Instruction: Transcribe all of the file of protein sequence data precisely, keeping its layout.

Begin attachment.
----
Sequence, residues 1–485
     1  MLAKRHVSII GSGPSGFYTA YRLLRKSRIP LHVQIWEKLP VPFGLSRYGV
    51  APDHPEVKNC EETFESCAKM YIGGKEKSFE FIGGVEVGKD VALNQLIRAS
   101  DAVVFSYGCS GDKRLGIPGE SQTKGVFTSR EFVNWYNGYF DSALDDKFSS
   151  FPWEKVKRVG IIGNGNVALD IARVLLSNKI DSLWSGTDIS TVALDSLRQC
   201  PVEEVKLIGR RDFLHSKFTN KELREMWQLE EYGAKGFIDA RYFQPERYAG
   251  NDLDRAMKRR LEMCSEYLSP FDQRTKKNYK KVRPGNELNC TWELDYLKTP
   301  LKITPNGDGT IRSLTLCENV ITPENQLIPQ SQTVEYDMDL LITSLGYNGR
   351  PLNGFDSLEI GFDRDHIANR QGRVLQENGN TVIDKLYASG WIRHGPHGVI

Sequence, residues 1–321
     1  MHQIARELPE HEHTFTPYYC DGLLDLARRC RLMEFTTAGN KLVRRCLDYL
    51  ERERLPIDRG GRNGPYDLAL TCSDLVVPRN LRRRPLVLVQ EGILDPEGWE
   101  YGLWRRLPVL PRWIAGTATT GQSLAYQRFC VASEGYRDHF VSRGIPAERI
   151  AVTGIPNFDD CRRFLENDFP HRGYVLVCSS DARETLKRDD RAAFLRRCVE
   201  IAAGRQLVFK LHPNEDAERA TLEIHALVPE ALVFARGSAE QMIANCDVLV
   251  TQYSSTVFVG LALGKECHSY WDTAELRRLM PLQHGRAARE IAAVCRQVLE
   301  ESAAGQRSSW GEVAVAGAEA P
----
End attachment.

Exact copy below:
Sequence, residues 1–485
     1  MLAKRHVSII GSGPSGFYTA YRLLRKSRIP LHVQIWEKLP VPFGLSRYGV
    51  APDHPEVKNC EETFESCAKM YIGGKEKSFE FIGGVEVGKD VALNQLIRAS
   101  DAVVFSYGCS GDKRLGIPGE SQTKGVFTSR EFVNWYNGYF DSALDDKFSS
   151  FPWEKVKRVG IIGNGNVALD IARVLLSNKI DSLWSGTDIS TVALDSLRQC
   201  PVEEVKLIGR RDFLHSKFTN KELREMWQLE EYGAKGFIDA RYFQPERYAG
   251  NDLDRAMKRR LEMCSEYLSP FDQRTKKNYK KVRPGNELNC TWELDYLKTP
   301  LKITPNGDGT IRSLTLCENV ITPENQLIPQ SQTVEYDMDL LITSLGYNGR
   351  PLNGFDSLEI GFDRDHIANR QGRVLQENGN TVIDKLYASG WIRHGPHGVI

Sequence, residues 1–321
     1  MHQIARELPE HEHTFTPYYC DGLLDLARRC RLMEFTTAGN KLVRRCLDYL
    51  ERERLPIDRG GRNGPYDLAL TCSDLVVPRN LRRRPLVLVQ EGILDPEGWE
   101  YGLWRRLPVL PRWIAGTATT GQSLAYQRFC VASEGYRDHF VSRGIPAERI
   151  AVTGIPNFDD CRRFLENDFP HRGYVLVCSS DARETLKRDD RAAFLRRCVE
   201  IAAGRQLVFK LHPNEDAERA TLEIHALVPE ALVFARGSAE QMIANCDVLV
   251  TQYSSTVFVG LALGKECHSY WDTAELRRLM PLQHGRAARE IAAVCRQVLE
   301  ESAAGQRSSW GEVAVAGAEA P